The series doesn't limit itself to New York and instead takes us to many different parts of the United States and even abroad, with visits to variously Bolivia, Guiana (that spelling is used over twenty years after it became Guyana...), Colombia, Mexico and even the Australian outback. The multiple settings and situations help to keep the series fresh, showing the Punisher having to adapt to different situations and circumstances with some interesting results. That helps to make up for the shortfalls in character development and exploration.

Overall this series is quite mixed. The individual issues are generally well written and drawn, and it's easy to see why Whilce Portacio developed into one of the big name artists of the early 1990s. But fundamentally the main problem I have with the series is that there's very little sense of development and, with the exception of a few details, the stories could be rearranged in almost any order. Whilst the individual tales offer plenty of diversity and interest, with only really the annual sticking out as badly conceived, overall the whole thing just doesn't go anywhere. The Punisher has a mission against crime, but it's not always clear if he's just after organised crime or all criminals. There's no real overall strategy to his approach and instead he targets a succession of different crimes, sometimes responding to tip-offs, sometimes going after a particular wrong-doer them himself. Was this another series created by popular demand without thinking through its raison d'être? It's odd as all the issues in this volume have the same writer and editor (Carl Potts), so it's not as if it was a book handled by an endless succession of creators doing just a few issues at a time.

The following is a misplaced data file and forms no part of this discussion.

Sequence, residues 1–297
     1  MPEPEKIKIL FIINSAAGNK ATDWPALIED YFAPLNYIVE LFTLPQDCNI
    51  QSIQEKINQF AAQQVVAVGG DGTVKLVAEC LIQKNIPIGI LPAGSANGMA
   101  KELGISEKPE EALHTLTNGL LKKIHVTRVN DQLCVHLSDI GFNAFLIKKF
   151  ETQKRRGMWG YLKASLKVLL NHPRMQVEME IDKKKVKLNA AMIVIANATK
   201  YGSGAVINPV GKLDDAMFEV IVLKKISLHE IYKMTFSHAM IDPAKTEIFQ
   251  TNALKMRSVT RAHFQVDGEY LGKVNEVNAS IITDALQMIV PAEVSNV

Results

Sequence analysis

I'm not sure the basic problem lies with the Punisher's character - he's hardly the first example in comics of a bereaved relative with no actual super powers turning vigilante, and he's starting from a position of greater training than the likes of a young Bruce Wayne. Perhaps it's the way his approach of not adopting a secret identity and not being able to maintain a permanent base means that he rarely stays around any one place long enough to develop any roots, but again the wandering hero is common enough in fiction that it can be pulled off more successfully than here. Probably the deepest problem is the lack of any in-depth exploration of the Punisher's motivation and drive. Apart from his brief argument/fight with Daredevil there isn't any direct exploration as to just why he lacks faith in the system of law and order and instead has set himself up as a one man judge, jury and executioner. When the Punisher guest stars in other characters' titles it's often possible to contrast his outlook and methods with the title character's, but in his own title where the only supporting cast members are his technical support there just aren't any voices who can draw out the dilemma. Ultimately the Punisher is a difficult character to write a good developed ongoing series for, and unfortunately this volume doesn't hit the target.